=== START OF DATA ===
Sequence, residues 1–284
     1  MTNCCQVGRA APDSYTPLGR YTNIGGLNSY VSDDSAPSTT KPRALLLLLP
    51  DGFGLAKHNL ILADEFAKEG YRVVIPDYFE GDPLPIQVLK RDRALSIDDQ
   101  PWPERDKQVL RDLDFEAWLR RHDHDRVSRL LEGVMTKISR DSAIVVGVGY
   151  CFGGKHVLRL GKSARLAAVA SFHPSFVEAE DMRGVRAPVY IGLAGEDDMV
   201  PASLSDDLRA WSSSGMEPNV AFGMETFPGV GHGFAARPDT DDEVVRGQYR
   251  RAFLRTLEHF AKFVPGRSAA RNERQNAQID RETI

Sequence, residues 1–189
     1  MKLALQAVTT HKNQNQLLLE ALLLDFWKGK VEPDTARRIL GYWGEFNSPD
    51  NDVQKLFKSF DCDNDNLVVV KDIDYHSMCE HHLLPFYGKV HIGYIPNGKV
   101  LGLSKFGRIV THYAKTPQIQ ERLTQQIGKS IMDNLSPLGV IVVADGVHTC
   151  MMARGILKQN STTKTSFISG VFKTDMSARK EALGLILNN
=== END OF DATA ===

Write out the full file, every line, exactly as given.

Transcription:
Sequence, residues 1–284
     1  MTNCCQVGRA APDSYTPLGR YTNIGGLNSY VSDDSAPSTT KPRALLLLLP
    51  DGFGLAKHNL ILADEFAKEG YRVVIPDYFE GDPLPIQVLK RDRALSIDDQ
   101  PWPERDKQVL RDLDFEAWLR RHDHDRVSRL LEGVMTKISR DSAIVVGVGY
   151  CFGGKHVLRL GKSARLAAVA SFHPSFVEAE DMRGVRAPVY IGLAGEDDMV
   201  PASLSDDLRA WSSSGMEPNV AFGMETFPGV GHGFAARPDT DDEVVRGQYR
   251  RAFLRTLEHF AKFVPGRSAA RNERQNAQID RETI

Sequence, residues 1–189
     1  MKLALQAVTT HKNQNQLLLE ALLLDFWKGK VEPDTARRIL GYWGEFNSPD
    51  NDVQKLFKSF DCDNDNLVVV KDIDYHSMCE HHLLPFYGKV HIGYIPNGKV
   101  LGLSKFGRIV THYAKTPQIQ ERLTQQIGKS IMDNLSPLGV IVVADGVHTC
   151  MMARGILKQN STTKTSFISG VFKTDMSARK EALGLILNN